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Posted By BrotherBart,
Apr 5, 2013 at 5:06 PM
Holy Crap !
Don't you wonder what has happened on the videos he HASN'T posted?
I had never experienced vertigo in my life until I watched the part on the roof. The only salvation was that I knew if he had gone off of it head first the vid wouldn't be around.
Am I the only one who noticed his own posterior puckering while watching this video? I had trouble sitting still, while he sat atop the hollow-core door fiddling with his climbing gear, before hoisting himself up to the roof.
Yes, but...he had that very impressive harness rig to get him up and down off the roof
I wonder why he needs to leave 4-5 ft stumps?
To impale himself upon should his harness fail . . . better to have a quick death.
Glad someone noticed that too...I was waiting for those hinges to give way.
If he intends on pulling the stumps out i could understand leaving some, you know, better leverage and all, but other than that... It still seems excessive, even for that purpose.
Maybe the next video will be of him carving those stumps with his chainsaw.
Having done some crazy stuff when young, I'm glad no one had a video on me when I was his age. Hope he survives this phase. He seems like a pretty smart and resourceful young fellow when you look past his lack of caution.
Anyone can undertake and approach a project with good intention and determination, and through lack of knowledge, experience or insight, do something or things that is/are stupid and/or dangerous.
The actions of this young man are a bit disturbing because he does not appear to have taken safety considerations into account at all, and has the arrogance to think he is doing a fine job and is proudly filming it all. These are not spontaneous projects. If he had the humility to ask an experienced individual for advice, or the sense to read a bit about the materials and tools he is using before using them, he might be less apt to maim or kill himself or others. The types of jobs he has chosen to films are not the type that anyone who is sensible learns how to do by trying, failing, and trying again. They are the type of job that require a degree of specialized knowledge because they carry a high degree of danger if they are incorrectly carried out.
would move before the tree did.
I was one of 13 children. We did lots of stuff over the years as you can imagine. Believe me, there were consequences to everything questionable that we did, and early on we learned to consider those likely consequences before we undertook activities. Sometimes that consideration is concious, sometimes unconcious, but it is there. We learned not to do things unless it was worth paying the price of the possible consequence. And I will give my parents the credit of letting us do things, as long as we did them knowlingly and dealth with the consequences. It helped growing up with a father who responded to every quest for knowledge with the answer, "what do you think?", to which he expected a considered answer. After which response he had received, he explained in great detail the correct answer and why it was correct. One of his grandsons once wrote on a health quiz that one of the qualities of a good listener was being able to ask Grandad a question and listen to the answer. Growing up with this kind of fundamental respect from one's parent, and demand for thought on one's part, does encourage thought before action.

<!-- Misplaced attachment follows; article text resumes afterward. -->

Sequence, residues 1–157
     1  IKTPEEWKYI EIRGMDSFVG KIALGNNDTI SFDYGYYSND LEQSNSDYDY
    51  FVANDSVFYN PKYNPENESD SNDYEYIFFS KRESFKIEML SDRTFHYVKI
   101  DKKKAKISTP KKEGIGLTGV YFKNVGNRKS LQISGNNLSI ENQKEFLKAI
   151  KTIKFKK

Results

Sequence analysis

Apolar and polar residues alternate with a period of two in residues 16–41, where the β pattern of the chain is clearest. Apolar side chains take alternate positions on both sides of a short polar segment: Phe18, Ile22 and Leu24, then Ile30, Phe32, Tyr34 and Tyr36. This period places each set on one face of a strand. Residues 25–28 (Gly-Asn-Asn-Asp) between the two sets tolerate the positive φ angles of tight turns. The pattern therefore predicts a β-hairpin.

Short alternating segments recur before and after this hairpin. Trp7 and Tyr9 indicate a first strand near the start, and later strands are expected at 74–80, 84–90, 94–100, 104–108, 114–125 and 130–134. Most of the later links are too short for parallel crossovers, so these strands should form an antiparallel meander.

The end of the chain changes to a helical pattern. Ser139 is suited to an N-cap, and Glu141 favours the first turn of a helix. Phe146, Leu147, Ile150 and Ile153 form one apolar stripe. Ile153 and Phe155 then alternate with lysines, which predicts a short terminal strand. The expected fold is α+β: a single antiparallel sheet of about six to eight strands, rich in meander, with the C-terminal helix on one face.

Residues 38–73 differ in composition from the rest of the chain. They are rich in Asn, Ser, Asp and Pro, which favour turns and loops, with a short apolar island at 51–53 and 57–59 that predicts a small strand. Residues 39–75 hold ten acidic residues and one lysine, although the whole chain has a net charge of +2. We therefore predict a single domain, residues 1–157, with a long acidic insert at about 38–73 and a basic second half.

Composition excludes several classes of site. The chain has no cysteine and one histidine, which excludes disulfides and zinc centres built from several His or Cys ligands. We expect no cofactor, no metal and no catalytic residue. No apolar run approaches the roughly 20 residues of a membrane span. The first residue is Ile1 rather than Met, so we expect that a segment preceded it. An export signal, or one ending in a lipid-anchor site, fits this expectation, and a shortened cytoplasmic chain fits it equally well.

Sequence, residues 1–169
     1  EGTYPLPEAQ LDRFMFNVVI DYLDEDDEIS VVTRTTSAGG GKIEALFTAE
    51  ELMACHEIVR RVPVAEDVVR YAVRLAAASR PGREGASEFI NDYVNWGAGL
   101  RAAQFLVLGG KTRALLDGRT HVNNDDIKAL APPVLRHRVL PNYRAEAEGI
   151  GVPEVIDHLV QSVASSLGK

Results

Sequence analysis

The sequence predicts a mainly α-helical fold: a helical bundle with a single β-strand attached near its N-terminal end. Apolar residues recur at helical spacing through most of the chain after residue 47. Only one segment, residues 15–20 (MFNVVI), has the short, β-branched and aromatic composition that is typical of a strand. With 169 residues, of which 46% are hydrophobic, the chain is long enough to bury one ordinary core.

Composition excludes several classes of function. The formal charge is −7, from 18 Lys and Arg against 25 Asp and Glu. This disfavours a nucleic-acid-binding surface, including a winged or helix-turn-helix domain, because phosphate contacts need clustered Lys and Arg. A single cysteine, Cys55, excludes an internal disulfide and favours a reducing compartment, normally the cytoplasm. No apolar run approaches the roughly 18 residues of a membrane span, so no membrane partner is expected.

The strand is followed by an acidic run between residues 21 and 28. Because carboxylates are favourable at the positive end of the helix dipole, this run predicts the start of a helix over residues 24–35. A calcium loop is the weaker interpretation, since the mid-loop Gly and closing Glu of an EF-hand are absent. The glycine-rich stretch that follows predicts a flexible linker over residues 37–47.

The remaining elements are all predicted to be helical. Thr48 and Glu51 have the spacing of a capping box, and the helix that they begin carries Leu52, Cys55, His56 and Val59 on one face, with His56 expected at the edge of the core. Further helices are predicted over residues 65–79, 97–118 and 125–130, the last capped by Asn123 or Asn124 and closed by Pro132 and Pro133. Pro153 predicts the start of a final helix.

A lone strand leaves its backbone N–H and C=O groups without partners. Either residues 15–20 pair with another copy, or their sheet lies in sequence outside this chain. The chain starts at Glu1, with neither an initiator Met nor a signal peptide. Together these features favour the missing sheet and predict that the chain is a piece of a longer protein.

I don't believe this young man thinks things through, or considers possible consequences. Very arrogant.
Look at some of his other videos, like the solar tracker. He is no dummy. Youth is arrogant and thinks itself immortal. Should he encourage others to do this, no. Is he likely to be a creative and successful risk taker as he grows up (assuming he survives?) My guess is yes.
Yep. I remember when I was ten feet tall and bullet proof. But that view from the edge of the roof tied my stomach in knots.
Now about that venting setup...
I didn't think it could last long.
Yeah, I'm not defending it, though the cabin I lived in with the red glowing Ashley had the same rigging. And webbie's burned down this shed with a bit looser rigging. Jus saying, we learned from our mistakes and celebrated our successes. But at least we were willing to take risks. Something that seems to be getting hedonized out of our society now. Case in point, we didn't have or use seat belts back then either. Yet we were driving pony cars with giant V8's stuck in them. Somehow we survived.
We had seat belts in our cars from 1956 on. And we wore them too.
But that's because my Dad special ordered airplane seatbelts when they were first available for cars.
But yes, people survive lots of things that are inherently risky.....and people who don't aren't here.
It's great to give children freedom; fortunate and rare is the child today who both lives in a community where it is safe to let him/her explore on his/her own all day at a young age and has parents who will give them the freedom to do so and let them learn to entertain themselves. Much is learned through having to cope with the unexpected. And a curious child see and learns a lot on such adventures. And learns that he or she can cope with life, and so if apt to take risks that make sense, and undertake projects that others may shun.
But hopefully they have learned to use a modicum of common sense along the way.
No one is saying this young man is bad, or even that he isn't adventuresome and able, possibly extremely able.
I wish he used a little more common sense,
I do love his cabin in the woods.....I just hope it's still there!
Anyone care to msg him on youtube and point him to this thread?